things to do with my child-eating hair

I just found out that what has been done to my hair is called a ‘bob’.

I was a little worried it was too boyish. Even the style name is reminiscent of a man, or maybe a boy in the thirties. I saw a movie once about a British family living in London during WWII who had a little boy with the exact same hair cut as me- I am going to call it “The Toby” and insist that I had it styled *on purpose* to honor his memory. Or something.

It’s March, as we all know, the last month of winter. Usually by this time of year, my hair is long, tangled, dried up, frizzed out of its mind and appears frightening to the general populous. Time for a hair cut, or as I call it, a shearing. My mama usually does this after she has shorn the boys, she pulls out her sharp scissors and takes an inch or two off my locks; the dry, shattered ends falls away and I am left with hair that no longer hates itself. It untangles, curls up nicely and I am ready for warm weather.

“Hey babe, you want to cut my hair?” I asked my husband the other day.

“What? You want me to cut your hair?” He seemed immediately intrigued- and a little offset.

“Yeah, I need it trimmed up. It’s not hard, it’s curly and you can’t really mess it up, just take a little off the ends all around and we’ll be set.”

So we set to it. We had to try a couple pairs of scissors before we found ones that weren’t going to just separate the strands by friction, but then we were off, and my husband very nervously snipped away at my hair.

Curly or not, messy or not, child-eating or not, it’s hard to cut hair and get it even, especially when you’ve never done it before, but my boy bravely went about the task and sooner than later, I had short hair. Rather short hair. Bob hair.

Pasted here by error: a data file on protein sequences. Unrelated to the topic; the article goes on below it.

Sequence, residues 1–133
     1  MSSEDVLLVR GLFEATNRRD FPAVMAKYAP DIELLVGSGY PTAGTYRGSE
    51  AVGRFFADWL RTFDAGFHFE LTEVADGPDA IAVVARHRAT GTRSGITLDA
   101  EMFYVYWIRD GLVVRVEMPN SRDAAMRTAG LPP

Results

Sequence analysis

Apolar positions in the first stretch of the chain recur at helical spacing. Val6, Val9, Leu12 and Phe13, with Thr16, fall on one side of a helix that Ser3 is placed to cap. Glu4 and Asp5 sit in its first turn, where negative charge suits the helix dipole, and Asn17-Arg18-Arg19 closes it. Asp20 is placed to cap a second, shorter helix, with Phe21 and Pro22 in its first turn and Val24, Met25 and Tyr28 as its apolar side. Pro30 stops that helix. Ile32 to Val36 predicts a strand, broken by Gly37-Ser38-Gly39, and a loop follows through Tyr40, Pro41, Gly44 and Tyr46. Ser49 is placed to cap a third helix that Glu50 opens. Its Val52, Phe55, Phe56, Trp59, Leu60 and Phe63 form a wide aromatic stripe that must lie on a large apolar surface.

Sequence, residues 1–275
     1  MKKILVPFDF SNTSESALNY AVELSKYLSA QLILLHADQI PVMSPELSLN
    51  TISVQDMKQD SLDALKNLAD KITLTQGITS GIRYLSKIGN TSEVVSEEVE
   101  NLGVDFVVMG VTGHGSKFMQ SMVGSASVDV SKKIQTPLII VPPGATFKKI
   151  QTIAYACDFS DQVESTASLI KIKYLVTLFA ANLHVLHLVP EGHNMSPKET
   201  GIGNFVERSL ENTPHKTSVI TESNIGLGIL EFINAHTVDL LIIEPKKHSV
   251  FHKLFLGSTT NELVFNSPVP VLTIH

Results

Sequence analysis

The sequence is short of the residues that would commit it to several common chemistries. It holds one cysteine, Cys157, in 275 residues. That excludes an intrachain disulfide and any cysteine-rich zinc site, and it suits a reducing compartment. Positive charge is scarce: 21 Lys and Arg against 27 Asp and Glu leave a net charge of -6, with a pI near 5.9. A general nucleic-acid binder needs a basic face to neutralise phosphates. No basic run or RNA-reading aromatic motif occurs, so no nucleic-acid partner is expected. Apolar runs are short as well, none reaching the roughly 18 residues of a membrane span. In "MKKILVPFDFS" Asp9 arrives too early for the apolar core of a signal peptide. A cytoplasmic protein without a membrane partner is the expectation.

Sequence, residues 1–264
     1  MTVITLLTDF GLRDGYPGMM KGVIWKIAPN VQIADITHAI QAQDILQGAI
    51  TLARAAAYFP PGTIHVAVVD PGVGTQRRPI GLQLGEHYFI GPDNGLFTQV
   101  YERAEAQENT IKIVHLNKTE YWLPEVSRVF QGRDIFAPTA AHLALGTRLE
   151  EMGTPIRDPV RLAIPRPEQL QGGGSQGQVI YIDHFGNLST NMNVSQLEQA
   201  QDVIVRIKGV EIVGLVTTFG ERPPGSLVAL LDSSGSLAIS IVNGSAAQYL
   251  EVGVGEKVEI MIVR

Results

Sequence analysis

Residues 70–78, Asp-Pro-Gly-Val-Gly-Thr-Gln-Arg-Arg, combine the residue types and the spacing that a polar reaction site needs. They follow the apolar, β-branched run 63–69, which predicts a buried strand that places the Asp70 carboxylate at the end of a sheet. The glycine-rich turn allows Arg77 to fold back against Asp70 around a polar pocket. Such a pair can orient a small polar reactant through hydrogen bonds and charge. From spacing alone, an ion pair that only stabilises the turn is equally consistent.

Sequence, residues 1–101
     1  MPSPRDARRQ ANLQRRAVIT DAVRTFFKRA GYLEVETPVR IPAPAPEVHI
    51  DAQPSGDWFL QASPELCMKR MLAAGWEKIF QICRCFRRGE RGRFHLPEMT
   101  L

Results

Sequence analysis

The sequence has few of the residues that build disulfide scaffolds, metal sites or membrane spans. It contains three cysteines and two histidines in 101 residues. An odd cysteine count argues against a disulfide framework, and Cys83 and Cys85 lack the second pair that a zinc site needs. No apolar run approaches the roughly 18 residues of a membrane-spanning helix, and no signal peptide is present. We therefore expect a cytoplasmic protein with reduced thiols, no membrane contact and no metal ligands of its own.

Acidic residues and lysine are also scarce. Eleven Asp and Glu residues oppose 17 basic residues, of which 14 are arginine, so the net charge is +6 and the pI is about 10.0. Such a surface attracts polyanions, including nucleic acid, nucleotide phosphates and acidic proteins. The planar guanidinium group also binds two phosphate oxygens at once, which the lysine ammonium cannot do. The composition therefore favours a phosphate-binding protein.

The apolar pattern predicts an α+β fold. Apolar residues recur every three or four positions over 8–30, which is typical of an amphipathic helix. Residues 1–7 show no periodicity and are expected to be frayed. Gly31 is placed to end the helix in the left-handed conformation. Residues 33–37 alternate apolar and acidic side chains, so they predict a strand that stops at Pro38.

“I think you’re adorable.” He said, “But we need to go to a barber tomorrow so they can *fix* it.”

Fix it. He did all the hard work, taking a good five inches off all around, not it was time for the professionals to come in and tie up the loose ends and trim up the long ones.

Enter Mark. Hair stylist for over 15 who saw my newly shorn ‘do’ and said, “Aha. Your husband cut your hair? How long have you been married? You’re a curly girl, eh? You like your curly hair?” He began to fuss with it, pull it, mess it up, examining it like I’ve seen my mom do with expensive fabric, rubbing it between her fingers and assessing it’s content and whether or not it will hold in the wash. He looked at it through the glasses that were riding low on his nose, then over the glasses, then from the side. “We love curly hair here…” he continued and spun me around so that I was facing myself in the mirror that covered the back wall of the salon. “.. what are you looking for exactly?”  I looked hard, and had the strangest urge to say, very seriously, “Can you make me look just like Audrey Hepburn?” Scratch that.

“Something even. I don’t really know. It’s been so long since it was any style at all, I have no idea what would look good- it’s up to you.” I smiled confidently in the mirror at him, Mark began to glisten.

“Ok then.” He hemmed and hawed and pulled and fussed and then said, “I know what we’ll do with you.” After washing my hair and combing it all out, he unveiled a pair of scissors that would have made ours blush (I’m glad they weren’t there to see it) and began to snip away.

And snip. And comb. And snip. And pull. And snip. We eavesdropped on the lady sitting in a different part of the room, talking about the Oscars, going through each of the nominees and systematically describing their hair, dress and personality.